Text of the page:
Gum Disease Begins Without Symptoms

added on: March 12, 2012

Ben Franklin once said, “A penny saved is a penny earned.” Think of early-stage periodontal treatment as a penny saved, along with protecting your overall health.

Like most diseases that form in our bodies, we don’t feel or see anything when they first begin. Because the initial symptoms of periodontal (gum) disease are silent, patients are often surprised when told they have early stages of the disease since there are often no symptoms at this point. Yet, this is the ideal stage to combat the disease, and the least expensive with minimal treatment time involved.

The attitude of ‘if it doesn’t hurt, then nothing’s wrong,’ has been to the detriment of many in the American population. When people wait until the symptoms of periodontal disease become obvious and uncomfortable, they are typically in mid- to late-stage periodontal disease. Symptoms include tender and swollen gums that bleed easily when brushing, persistent bad breath, gums that recede and gum tissue that is red in color rather than a healthy pink.

While gum disease bacteria causes inflammation in the mouth, it can become an even worse problem should it become bloodborne. The bacteria of periodontal disease can enter the bloodstream through tears in diseased gum tissue, which has been shown to cause harmful inflammatory reactions in other parts of the body. Gum disease bacteria has been linked to cardiovascular disease, diabetes, preterm babies and arthritis, just to name a few.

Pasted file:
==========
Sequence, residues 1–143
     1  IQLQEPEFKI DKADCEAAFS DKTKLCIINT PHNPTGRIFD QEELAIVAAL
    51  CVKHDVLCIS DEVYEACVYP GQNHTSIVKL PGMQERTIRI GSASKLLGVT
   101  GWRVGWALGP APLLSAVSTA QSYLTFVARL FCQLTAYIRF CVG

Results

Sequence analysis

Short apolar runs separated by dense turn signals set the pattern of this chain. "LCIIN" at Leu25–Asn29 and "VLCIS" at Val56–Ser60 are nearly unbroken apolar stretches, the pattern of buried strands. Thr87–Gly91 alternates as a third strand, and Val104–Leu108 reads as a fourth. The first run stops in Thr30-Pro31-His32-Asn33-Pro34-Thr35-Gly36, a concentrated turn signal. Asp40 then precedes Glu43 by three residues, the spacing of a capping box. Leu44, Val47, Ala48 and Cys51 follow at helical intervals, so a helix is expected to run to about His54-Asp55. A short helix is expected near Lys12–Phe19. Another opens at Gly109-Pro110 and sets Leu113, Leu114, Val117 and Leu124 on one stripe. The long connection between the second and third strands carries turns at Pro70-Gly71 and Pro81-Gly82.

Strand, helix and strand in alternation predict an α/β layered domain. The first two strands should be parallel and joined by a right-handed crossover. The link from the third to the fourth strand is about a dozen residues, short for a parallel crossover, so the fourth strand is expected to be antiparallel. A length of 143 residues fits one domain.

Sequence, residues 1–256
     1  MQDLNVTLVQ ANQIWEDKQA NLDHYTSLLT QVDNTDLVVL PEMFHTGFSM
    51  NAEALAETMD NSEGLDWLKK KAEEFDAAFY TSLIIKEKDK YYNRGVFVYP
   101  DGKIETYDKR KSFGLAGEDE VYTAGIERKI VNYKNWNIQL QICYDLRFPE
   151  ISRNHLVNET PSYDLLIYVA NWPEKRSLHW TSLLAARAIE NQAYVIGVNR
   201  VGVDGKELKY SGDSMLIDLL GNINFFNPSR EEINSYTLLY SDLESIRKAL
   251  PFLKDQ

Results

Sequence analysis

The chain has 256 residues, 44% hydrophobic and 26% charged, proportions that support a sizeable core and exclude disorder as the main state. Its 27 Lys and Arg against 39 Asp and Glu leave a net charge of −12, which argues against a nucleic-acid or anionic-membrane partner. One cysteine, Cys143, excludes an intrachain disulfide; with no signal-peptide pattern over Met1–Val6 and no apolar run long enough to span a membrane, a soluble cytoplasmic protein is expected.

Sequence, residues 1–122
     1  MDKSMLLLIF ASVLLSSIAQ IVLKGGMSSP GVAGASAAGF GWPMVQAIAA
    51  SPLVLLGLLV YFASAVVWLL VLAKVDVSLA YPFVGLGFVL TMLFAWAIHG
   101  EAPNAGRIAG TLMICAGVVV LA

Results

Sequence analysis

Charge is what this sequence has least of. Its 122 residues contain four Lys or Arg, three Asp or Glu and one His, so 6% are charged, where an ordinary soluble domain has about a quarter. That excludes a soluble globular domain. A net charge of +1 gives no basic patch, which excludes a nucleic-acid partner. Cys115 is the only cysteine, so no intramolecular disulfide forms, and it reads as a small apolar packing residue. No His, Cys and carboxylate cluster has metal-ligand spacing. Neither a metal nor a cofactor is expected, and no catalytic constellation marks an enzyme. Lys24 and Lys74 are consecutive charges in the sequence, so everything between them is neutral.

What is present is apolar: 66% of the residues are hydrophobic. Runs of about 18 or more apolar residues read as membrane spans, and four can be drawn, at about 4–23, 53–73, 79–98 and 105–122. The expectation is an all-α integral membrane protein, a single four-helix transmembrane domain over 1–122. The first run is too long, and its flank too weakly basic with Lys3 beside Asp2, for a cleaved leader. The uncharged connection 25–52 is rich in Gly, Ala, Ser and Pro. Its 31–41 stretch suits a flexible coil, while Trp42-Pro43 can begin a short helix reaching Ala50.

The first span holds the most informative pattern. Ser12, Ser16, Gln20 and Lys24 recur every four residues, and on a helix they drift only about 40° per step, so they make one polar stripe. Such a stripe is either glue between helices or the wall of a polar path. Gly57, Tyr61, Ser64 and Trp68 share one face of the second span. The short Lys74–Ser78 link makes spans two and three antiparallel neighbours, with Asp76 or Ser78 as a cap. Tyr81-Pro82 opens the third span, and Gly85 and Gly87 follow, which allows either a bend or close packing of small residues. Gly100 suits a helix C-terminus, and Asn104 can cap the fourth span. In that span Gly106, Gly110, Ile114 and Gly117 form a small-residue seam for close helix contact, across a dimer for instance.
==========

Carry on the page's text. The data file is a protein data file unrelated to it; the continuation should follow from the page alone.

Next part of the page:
Treatment in initial stages often requires only one or two visits. If insurance coverage is not available, payment plans help to make the expenses manageable. Plus, we make your comfort a priority at all visits, so ask about sedation options if this is a concern.

A healthy smile looks good and feels good, too! Untreated gum disease will only worsen without treatment and can result in tooth loss in latter stages. Treatment at the earliest stage will help restore your mouth to a healthy state and prevent further damage from occurring, both in your mouth and in your body.


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Dr. Ban R. Barbat

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